While it is interesting to see the realistic and practical applications and implications of how Black childhood is denied, I feel Stacey Patton has already done a better job than what I can potentially offer in their Washington Post article “In America, Black children don’t get to be children,” so I shall direct you to refer to that article for such an analysis.

Rather, I wish to examine the implications of, not the phenomena of a Black child not being seen as a child, but the phenomena of a Black child not being seen as a representation of the Child.

The Child, with a capital C

I am not speaking of actual historical conceptualizations of children, but the concept of the symbol of the ‘Child’, as introduced by Lee Edelman in his book No Future. For Edelman, the Child is “ the perpetual horizon of every acknowledged politics, the fantasmatic beneficiary of every political intervention.” In other words, the Child is “ the emblem of futurity’’s unquestioned value”. Edelman further explains that “ the Child invariably shapes the logic within which the political itself must be thought. That logic compels us, to the extent that we would register as politically responsible, to submit to th framing of political debate — and, indeed, of the political field — as defined by the terms of … reproductive futurism”.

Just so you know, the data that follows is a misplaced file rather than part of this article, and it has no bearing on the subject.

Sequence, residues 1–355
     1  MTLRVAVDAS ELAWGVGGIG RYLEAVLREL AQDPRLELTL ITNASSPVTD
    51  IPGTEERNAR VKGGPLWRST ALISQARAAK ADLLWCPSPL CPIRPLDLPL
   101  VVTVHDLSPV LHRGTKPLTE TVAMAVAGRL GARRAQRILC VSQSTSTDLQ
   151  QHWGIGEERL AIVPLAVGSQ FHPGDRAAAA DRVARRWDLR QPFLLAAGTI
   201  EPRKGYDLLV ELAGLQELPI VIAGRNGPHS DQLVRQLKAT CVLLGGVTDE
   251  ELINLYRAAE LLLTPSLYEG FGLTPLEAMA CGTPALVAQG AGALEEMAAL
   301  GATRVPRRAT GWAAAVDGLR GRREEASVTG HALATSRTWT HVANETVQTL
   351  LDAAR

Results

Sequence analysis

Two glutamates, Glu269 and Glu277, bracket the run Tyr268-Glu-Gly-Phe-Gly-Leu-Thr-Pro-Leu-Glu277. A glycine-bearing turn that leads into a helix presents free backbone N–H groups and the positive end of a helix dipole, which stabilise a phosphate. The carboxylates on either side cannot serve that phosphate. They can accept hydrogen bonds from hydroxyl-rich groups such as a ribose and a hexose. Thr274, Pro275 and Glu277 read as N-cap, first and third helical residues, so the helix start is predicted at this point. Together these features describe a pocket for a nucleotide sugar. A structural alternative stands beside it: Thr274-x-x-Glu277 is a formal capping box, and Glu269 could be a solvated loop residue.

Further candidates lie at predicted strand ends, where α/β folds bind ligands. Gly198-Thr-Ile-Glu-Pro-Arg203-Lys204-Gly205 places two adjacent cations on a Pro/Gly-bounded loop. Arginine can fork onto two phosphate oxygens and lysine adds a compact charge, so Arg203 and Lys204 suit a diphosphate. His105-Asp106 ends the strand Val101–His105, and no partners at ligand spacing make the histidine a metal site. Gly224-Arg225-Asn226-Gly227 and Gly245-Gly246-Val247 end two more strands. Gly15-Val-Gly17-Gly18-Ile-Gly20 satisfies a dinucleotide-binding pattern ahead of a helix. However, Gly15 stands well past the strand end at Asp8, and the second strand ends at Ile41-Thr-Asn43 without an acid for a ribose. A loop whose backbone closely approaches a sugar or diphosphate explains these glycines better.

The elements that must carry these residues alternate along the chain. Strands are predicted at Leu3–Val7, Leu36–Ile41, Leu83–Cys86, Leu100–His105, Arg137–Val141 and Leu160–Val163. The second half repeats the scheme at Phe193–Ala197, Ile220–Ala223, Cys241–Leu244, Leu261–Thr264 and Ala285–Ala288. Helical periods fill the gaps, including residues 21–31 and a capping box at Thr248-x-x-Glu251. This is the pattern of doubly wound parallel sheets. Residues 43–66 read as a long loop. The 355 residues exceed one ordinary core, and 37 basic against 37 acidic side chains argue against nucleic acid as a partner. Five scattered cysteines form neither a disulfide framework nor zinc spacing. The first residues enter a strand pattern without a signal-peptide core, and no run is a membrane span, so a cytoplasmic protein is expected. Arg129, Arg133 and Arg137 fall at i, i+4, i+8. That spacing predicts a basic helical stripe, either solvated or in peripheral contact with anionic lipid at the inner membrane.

This reproductive futurism, or at least its logic, is somewhat easire understood when Edelman claims its “locus classicus is Whitney Houston’s rendition of the secular hymn, “I believe that children are our future”, a hymn we might as well make our national anthem and be done with it.”

In short, Edelman claims that all political discourse must appeal to a future, and that this future is represented and facilitated by the symbol of the Child.

The Child “ serves to regulate political discourse — to prescribe what will count as political discourse — by compelling such discourse to accede in advance to the reality of a collective future whose figurative status we are never permitted to acknowledge or address.”